New Birth Control Pills Raise Breast Cancer Risk

by Raksha Hegde published on -

 Likes  Comments

Contemporary birth control pills may increase a woman’s chance of developing breast cancer by as much as 38 percent if used for 10 years or more. This comes as a disappointment to women and doctors who had hoped that the lower doses of hormones in both oral and non-pill contraceptives might be safer than the older versions of birth control pills.

The study, published in the New England Journal of Medicine, evaluated about 1.8 million women in Denmark between 15 to 49 years of age. The researchers compared women who purchased birth control methods with women who developed breast cancer for a period of almost 11 years.

Researchers found that the effect of the pill depended on the amount of time the women used the hormonal contraceptive. Those who had used hormonal birth control for less than a year had only a 9 percent increase in their relative risk. Women who used any hormone-based contraceptive for five years or more raised the risk of breast cancer by 20 percent. On the other hand, women who had used birth control pills for more than 10 years showed a 38 percent increase in risk.

The study concluded that the overall increased risk was small. It amounted to one extra case of breast cancer among 7,690 women using hormone contraceptives per year. The study was funded by the Novo Nordisk Foundation. The study also stated that two of its research authors were employed by the foundation after the manuscript was accepted for publication.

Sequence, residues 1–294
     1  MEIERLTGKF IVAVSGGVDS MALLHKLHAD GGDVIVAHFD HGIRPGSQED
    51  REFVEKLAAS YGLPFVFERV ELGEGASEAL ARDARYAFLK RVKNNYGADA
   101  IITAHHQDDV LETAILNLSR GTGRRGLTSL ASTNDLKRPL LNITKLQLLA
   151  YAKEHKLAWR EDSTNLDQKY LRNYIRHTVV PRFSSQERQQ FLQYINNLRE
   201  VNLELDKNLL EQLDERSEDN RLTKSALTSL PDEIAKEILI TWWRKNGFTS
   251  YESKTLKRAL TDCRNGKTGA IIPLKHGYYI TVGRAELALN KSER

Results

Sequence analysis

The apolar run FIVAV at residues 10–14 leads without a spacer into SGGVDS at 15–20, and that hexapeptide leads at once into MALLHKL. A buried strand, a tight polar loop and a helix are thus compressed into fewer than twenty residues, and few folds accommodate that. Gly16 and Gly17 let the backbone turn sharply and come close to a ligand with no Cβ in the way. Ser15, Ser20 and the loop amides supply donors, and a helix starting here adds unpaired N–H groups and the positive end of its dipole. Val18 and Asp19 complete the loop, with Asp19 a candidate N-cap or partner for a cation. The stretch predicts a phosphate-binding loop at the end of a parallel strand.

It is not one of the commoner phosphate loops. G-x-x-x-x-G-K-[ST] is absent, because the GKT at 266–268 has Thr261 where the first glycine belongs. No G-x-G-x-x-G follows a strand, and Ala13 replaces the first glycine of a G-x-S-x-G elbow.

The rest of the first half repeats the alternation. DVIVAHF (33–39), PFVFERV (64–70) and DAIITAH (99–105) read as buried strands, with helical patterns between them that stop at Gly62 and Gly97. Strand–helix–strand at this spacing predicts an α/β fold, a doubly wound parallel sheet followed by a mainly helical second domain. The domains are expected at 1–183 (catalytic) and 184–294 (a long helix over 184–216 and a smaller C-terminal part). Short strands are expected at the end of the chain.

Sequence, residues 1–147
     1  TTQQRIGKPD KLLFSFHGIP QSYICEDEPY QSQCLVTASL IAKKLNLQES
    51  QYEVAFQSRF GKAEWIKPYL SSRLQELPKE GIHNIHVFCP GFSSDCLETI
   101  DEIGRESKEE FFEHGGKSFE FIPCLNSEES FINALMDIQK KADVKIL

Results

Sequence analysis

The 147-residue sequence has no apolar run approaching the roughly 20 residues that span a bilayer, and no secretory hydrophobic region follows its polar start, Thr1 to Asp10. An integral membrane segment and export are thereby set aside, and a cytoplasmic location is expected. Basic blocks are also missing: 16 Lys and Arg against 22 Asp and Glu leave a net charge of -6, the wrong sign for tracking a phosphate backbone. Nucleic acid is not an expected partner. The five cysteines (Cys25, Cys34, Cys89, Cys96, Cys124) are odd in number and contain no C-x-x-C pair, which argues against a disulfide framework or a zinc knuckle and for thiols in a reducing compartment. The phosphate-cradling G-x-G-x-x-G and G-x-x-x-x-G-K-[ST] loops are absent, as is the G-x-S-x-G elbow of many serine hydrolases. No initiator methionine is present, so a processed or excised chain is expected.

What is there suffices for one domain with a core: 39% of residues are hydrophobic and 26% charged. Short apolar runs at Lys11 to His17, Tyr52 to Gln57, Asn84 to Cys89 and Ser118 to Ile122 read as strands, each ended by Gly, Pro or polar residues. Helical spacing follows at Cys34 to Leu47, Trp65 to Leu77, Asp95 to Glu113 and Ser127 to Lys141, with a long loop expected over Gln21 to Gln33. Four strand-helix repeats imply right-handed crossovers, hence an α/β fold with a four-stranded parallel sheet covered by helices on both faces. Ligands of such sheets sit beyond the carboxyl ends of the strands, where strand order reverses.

According to the National Institute for Health, about 252,719 women in the US were diagnosed with breast cancer in 2017. The institute also estimates that 12.4 percent of American women will be diagnosed with breast cancer at some point during their lifetime. Protection Status
Last updated -
About the Author

Raksha Hegde is the content director at Organic Facts and helps oversee a team of brilliant, dynamic content writers. She completed her MS in Broadcast Journalism from Boston University, US. A former business news journalist and editor, Raksha followed her passion for wellness to become a certified Yoga teacher and a wellness festival curator. She believes that learning is a life-long process; she did a certificate e-course on “Introduction to Food and Health” in 2019 from Stanford University, US. 

Rate this article
Average rating 0.0 out of 5.0 based on 0 user(s).

Latest Health News:

Group of wood figurines huddled together with one figure outside the group.

Pandemics, Epidemics Can Worsen Social Prejudices

A time of crisis can exacerbate our social prejudices, particularly bigotry and xenophobia. A study, published in the journal Proceedings of The Royal Society,…

Graphic of the human brain

Research Reveals How Memory Works

Why do our memories not get muddled with other new events? Why are they long-lasting? Researchers from the University of Bristol may have found answers to…

A kid showing a random act of kindness by sharing flowers with a grown up lady

Random Acts Of Kindness Boost Health: Study

Kindness and compassion are behavioral traits often associated with positive feelings. While there have been studies supporting this association through…